The Commonwealth of the Northern Mariana Islands (CNMI) has many unique immigration issues like no others.  When the Consolidated Natural Resources Act of 2008 (CNRA) installed the U.S. immigration system in the CNMI on November 28, 2009, the law intended to provide temporary legal status to all legal, and even some illegal aliens who were legal under the CNMI immigration system,   The temporary fix of the status as provided by law  came in the form of humanitarian parole for some and the newly created CNMI Transitional Worker status (CW1) for most.  However, these options failed miserably to meet the immigration demands of CNMI residents who have been legally living and working in the CNMI for decades, many of whom have U.S. citizen children who are too young to petition family-based immigrant status for their parents.

The main problem of temporary fixes is having unintentionally created procedural obstacles for these CNMI residents to maintain legal status.  From the CW1 annual cap issue, the visa gap issue for employment authorization, the restriction of CW1 in construction businesses, the elimination of most parole categories, and the recent problem of 30-day touchback, it seems that each time USCIS has tried to fix one problem, it created another. Even with the creation of CNMI Long-Term Resident status, the legislative intent and the letter of the law appears to be at odds.  How USCIS will adjudicate these long-term status applications remains to be seen.

The temporary nature of the employment status for most CNMI residents has created absolute nightmares for employers.  The uncertainty of employees’ legal status make it impossible for most employers to maintain its business flow without constantly worrying about the availability of the employees.  Since 2009, we have been strongly advocating that CNMI employers seek permanent solutions to its labor force problem.  Even with CNMI Long-Term Resident status, its future remains uncertain after the end of the transition period of 2029.

One way to turn temporary employment of alien skilled workers into permanent employment is to apply for them under an employment-based immigration category.  This is a three-step process involving the following: (1) the employer applying for a Permanent Labor Certification (PERM) at the U.S. Department of Labor; (2) the employer applying for an immigrant visa for the alien employee; and lastly, (3) the alien employee and her immediate family members, including spouse and children under 21 years of age, applying for green cards.  Depending on the nature of the offered position, employment-based (“EB”) immigration has five categories from EB1 to EB5.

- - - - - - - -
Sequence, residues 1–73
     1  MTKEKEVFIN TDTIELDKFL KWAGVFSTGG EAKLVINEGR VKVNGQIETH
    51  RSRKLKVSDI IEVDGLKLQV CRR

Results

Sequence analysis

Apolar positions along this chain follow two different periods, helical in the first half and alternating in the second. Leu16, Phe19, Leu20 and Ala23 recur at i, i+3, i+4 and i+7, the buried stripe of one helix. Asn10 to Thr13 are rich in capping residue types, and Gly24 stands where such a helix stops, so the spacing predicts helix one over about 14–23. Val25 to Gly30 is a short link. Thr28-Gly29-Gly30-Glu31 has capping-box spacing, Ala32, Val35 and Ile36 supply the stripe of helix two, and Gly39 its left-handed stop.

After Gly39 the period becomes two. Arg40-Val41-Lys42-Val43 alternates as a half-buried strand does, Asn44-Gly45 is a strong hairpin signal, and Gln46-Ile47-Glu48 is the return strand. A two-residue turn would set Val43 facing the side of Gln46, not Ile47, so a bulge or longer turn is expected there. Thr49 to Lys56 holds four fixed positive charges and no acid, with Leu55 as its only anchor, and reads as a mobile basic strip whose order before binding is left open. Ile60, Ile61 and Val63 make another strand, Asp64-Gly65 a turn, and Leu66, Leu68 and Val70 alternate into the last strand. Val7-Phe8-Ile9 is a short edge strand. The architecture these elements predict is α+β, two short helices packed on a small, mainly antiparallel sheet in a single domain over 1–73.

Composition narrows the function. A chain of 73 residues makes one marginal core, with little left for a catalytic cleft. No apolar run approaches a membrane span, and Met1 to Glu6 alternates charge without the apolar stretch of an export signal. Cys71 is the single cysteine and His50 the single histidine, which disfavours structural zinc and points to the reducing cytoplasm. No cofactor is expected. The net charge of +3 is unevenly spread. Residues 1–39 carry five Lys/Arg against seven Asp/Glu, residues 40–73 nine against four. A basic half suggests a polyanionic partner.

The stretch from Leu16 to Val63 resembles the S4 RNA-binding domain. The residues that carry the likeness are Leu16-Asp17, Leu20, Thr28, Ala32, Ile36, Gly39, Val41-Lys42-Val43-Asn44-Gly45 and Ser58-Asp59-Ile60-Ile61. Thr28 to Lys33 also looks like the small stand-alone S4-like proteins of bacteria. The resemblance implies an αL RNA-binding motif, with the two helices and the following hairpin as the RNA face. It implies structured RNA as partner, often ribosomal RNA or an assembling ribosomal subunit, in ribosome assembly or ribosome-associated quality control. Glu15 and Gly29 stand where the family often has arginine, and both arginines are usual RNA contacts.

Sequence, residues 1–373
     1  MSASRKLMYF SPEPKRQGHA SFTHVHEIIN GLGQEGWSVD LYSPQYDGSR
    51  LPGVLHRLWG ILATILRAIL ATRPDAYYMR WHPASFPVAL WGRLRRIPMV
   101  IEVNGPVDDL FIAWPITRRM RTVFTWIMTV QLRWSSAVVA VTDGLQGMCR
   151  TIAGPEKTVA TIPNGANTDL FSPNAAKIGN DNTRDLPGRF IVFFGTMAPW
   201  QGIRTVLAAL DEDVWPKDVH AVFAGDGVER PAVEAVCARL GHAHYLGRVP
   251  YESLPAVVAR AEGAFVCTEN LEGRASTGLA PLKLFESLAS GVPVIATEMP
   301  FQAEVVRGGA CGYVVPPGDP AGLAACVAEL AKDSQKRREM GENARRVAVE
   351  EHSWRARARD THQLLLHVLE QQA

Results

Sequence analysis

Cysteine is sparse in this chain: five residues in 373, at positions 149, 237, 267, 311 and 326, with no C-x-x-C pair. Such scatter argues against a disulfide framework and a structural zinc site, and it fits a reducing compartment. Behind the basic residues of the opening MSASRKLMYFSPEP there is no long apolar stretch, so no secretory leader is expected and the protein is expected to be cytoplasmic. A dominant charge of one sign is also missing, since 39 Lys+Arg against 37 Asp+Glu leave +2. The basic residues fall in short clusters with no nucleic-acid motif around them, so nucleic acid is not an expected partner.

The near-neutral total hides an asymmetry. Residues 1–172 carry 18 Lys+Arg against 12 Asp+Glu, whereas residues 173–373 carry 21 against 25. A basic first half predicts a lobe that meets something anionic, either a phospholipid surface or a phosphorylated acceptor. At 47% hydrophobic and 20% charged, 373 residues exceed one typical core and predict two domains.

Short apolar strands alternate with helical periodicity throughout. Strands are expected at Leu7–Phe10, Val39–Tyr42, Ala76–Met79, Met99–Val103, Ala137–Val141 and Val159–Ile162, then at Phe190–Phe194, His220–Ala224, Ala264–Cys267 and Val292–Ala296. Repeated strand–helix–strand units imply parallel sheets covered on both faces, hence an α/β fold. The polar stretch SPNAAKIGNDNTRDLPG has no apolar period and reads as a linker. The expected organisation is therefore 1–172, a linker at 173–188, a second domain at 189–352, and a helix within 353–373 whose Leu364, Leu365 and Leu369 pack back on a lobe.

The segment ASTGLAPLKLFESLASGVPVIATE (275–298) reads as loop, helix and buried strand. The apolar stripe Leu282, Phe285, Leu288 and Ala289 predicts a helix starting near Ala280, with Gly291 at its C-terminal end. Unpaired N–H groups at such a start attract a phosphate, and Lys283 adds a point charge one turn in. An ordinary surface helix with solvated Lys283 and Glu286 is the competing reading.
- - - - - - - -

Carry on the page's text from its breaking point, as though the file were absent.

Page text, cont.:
Most of the skilled labor in the CNMI fall into the category of EB3, which generally requires a minimum of two years of experience with no prerequisite for college degrees.  But EB3 is often considered an inferior immigration option in comparison to EB1 and EB2 because of the long waiting period commonly associated with the application process.  For example, in April 2013, the waiting period for an EB3 applicant from the Philippines was about seven years.  The waiting period of an EB3 applicant from China was more than six years.  Things have changed significantly since 2014.  According to Visa Bulletin issued monthly by the U.S. Department of State, as of September 1 2020, the waiting period for an EB3 applicant from the Philippines is one and a half years, and for Chinese nationals it is approximately three and a half years.

The recent changes to these wait periods are significant to employers in the CNMI.  The shorter waiting periods make it possible for employers to successfully obtain green cards for their employees quickly in order to avoid CW1 cap and touchback requirements.  This means that CW1 visa holders do not have to leave the United States to wait for their green cards and the employers can continue to keep these workers under their employment while completing the immigration process.  Hopefully, these employees will become part of the employers’ permanent labor force after they receive the green cards.  Shorter waiting periods coupled with lower requirements make EB3 an extremely attractive option for employers who wish to keep their labor force more permanent.

A cautionary note is that employment-based immigration process is both complex and individualized.  It requires careful review of an employer’s corporate and financial information as well as an employee’s personal information to determine the employer’s eligibility as a petitioner and the employee’s eligibility as a beneficiary.  Employers are therefore encouraged to seek professional legal assistance from experienced immigration attorneys, particularly one with knowledge of issues specific to the CNMI.

This article was authored by Nelson J. Xu.